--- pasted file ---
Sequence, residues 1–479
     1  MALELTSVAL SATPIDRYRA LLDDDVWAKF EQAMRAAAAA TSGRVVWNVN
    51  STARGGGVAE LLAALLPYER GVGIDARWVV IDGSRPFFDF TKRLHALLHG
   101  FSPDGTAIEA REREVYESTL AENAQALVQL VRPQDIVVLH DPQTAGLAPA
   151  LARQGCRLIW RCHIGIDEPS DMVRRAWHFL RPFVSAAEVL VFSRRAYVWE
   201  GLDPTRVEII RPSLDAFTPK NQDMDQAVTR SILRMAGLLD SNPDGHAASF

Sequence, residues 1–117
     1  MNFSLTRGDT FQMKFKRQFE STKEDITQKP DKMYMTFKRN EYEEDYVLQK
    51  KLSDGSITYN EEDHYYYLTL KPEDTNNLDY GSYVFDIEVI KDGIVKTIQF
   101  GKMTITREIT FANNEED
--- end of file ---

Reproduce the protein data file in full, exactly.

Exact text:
Sequence, residues 1–479
     1  MALELTSVAL SATPIDRYRA LLDDDVWAKF EQAMRAAAAA TSGRVVWNVN
    51  STARGGGVAE LLAALLPYER GVGIDARWVV IDGSRPFFDF TKRLHALLHG
   101  FSPDGTAIEA REREVYESTL AENAQALVQL VRPQDIVVLH DPQTAGLAPA
   151  LARQGCRLIW RCHIGIDEPS DMVRRAWHFL RPFVSAAEVL VFSRRAYVWE
   201  GLDPTRVEII RPSLDAFTPK NQDMDQAVTR SILRMAGLLD SNPDGHAASF

Sequence, residues 1–117
     1  MNFSLTRGDT FQMKFKRQFE STKEDITQKP DKMYMTFKRN EYEEDYVLQK
    51  KLSDGSITYN EEDHYYYLTL KPEDTNNLDY GSYVFDIEVI KDGIVKTIQF
   101  GKMTITREIT FANNEED